Writing a song is really a process of telling a story that you want to share with the world and if it’s going to move people the odds are pretty good that it has to do with something that moves you specifically.
Some of the most influential songs in human history have everything to do with personal experiences, personal stories, real-life trauma, and other moments of pain and triumph that ring true throughout the entire human experience.
Regardless of whether or not you are going through great times or having a bit of a lull, you’ll want to mine your personal experience as much as possible, shape it with your emotions and your perspective, and produce something really special along the way.
You need to look no further than the approach Taylor Swift takes when writing a song to see this kind of personal experience focused songwriting on full display.
Network and Collaborate
It’s very rare that you come across a musician or an artist that is exceptional at every single aspect of writing a song, but it isn’t all that difficult to get a couple of musicians and artists together to network and collaborate on a song – pitching in their unique strengths – and creating something spectacular that wouldn’t have been possible otherwise.
Maybe you really have a way with words, find it easy to translate human emotions and experiences into lyrics, and can really tell a story with the power of your language but have a tough time writing the musical elements of songs. Or maybe your situation is in reverse and that you have absolutely no difficulty whatsoever knocking the musical elements of songwriting out of the park but struggle with the lyrical aspects.
Partnering up with other artists that have strengths that mirror yours, that complement yours, lets you leverage the abilities of everyone involved in the process. You’ll also get the added benefit of their musical ear and interests thrown into the mix, too which can add a bit of extra spice and a bit of extra interest to music that you might not have been inclined to make all on your own.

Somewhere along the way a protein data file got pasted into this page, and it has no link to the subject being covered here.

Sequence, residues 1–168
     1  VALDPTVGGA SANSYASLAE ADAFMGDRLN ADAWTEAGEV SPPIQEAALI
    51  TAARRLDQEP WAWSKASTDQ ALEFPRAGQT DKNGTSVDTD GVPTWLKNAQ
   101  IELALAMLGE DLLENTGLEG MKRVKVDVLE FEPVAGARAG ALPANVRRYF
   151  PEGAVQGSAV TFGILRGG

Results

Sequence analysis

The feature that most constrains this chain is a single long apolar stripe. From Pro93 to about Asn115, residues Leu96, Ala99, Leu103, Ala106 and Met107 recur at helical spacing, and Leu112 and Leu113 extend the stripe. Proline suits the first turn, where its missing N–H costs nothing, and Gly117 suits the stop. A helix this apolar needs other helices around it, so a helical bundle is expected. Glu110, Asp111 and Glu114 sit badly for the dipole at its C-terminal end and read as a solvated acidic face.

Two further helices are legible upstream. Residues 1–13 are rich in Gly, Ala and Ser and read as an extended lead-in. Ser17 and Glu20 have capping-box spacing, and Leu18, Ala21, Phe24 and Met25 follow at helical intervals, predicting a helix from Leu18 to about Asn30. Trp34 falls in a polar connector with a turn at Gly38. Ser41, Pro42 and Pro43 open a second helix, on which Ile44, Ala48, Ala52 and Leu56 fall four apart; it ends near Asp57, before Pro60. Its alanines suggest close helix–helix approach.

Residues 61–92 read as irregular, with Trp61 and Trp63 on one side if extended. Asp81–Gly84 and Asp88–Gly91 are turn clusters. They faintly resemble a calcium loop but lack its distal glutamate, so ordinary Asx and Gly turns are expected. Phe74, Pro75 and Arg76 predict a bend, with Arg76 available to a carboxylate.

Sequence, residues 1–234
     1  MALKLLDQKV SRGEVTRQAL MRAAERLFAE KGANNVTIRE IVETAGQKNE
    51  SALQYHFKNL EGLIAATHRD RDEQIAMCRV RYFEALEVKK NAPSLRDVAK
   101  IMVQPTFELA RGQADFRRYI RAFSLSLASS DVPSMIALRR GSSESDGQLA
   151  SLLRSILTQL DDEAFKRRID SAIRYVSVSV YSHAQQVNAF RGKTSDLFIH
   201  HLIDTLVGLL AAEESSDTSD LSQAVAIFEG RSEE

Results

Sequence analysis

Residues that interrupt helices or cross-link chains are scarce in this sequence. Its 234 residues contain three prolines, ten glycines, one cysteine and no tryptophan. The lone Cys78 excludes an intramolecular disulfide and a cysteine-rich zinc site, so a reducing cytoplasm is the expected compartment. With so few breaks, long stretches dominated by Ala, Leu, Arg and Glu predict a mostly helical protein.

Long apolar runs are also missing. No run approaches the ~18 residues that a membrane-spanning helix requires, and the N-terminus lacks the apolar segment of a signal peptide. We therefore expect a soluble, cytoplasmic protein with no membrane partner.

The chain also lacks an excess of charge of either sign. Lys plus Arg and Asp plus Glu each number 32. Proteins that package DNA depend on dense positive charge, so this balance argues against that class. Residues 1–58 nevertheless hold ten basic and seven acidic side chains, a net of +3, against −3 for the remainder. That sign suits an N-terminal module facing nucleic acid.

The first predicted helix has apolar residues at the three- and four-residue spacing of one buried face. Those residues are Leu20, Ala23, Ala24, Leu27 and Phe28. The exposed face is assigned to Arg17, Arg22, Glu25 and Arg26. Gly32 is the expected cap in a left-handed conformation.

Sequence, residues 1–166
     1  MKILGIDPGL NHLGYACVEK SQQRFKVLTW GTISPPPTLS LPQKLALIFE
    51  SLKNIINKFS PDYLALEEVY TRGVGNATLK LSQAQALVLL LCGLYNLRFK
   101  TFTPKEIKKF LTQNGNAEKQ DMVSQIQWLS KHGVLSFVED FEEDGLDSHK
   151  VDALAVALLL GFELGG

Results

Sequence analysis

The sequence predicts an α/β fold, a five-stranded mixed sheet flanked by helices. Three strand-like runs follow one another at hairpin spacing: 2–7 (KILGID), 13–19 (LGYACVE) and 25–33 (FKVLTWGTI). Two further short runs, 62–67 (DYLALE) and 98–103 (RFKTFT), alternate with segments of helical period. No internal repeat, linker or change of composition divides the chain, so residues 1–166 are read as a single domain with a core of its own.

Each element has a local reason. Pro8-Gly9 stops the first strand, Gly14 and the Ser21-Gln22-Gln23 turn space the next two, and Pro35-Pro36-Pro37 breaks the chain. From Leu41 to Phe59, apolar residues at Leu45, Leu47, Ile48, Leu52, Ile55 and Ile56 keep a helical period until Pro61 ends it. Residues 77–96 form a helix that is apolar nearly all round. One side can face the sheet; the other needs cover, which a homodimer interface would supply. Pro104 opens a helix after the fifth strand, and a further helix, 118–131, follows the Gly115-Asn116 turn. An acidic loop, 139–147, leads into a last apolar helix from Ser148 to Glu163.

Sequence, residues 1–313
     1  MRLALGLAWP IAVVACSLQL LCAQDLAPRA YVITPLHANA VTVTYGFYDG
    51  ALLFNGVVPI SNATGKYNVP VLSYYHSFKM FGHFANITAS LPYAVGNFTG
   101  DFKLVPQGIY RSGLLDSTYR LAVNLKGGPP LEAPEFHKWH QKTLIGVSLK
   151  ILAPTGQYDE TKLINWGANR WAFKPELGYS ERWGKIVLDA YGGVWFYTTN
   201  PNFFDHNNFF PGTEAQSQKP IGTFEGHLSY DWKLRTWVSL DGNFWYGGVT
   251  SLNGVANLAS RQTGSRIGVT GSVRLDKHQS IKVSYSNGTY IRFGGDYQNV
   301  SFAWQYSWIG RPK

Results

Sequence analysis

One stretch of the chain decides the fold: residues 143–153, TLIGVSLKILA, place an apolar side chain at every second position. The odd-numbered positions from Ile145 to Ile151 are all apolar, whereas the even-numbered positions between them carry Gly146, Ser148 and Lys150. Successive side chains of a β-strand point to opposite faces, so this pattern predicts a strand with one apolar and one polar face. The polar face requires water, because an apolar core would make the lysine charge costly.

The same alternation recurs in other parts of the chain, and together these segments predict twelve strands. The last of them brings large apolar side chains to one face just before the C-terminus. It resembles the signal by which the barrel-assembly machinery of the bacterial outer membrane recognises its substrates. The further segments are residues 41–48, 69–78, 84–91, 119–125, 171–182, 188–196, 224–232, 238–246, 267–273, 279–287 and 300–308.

Start Simple and Expand From There
Every great songwriter on the planet will tell you that you want to start as simply as possible, really trying to focus on the essential elements of your song before you add any extra complexity or “frills” to the foundation.
If, when learning how to write a song, you start with a shaky foundation with all kinds of noise built on top of the entirety of your song is going to collapse under the pressure. It isn’t going to sound great, it isn’t going to make a lot of sense, and it isn’t going to feel all that natural or all that authentic.
On the flip side of things, though, if you keep things simple and focused on the basics when you are first getting started to figure out how to go about writing a song that really hits all the right notes (no pun intended) without frills or extras – but then have the freedom to add extra components later down the line to take your song to entirely new heights.
Don’t Burn Yourself Out
One of the biggest struggles that songwriters have when learning how to write a song is learning when to unplug when to step away, and when to recognize that the muse isn’t on-duty any longer and you need a break or a bit of a reset.
A lot of newbies songwriters want to push, want to stretch, and want to sort of force the creative process in a way that isn’t all that natural and in a way that isn’t all that effective. They end up getting really frustrated when struggling with the process, not realizing that this struggle is 100% natural and almost necessary to get the results that you are looking for. Without that struggle, you’ll never have the big breakthrough (whenever that may be) that helps your song go from good to great.
Plan to take breaks whenever you are frustrated, whenever you feel your creativity starting to slow, and whenever you feel like you just don’t have the magic working in your favor.
You might be surprised at the kinds of huge breakthroughs that are possible when you come back to your music with fresh eyes and a new perspective, especially if you take a day or two away from your music altogether.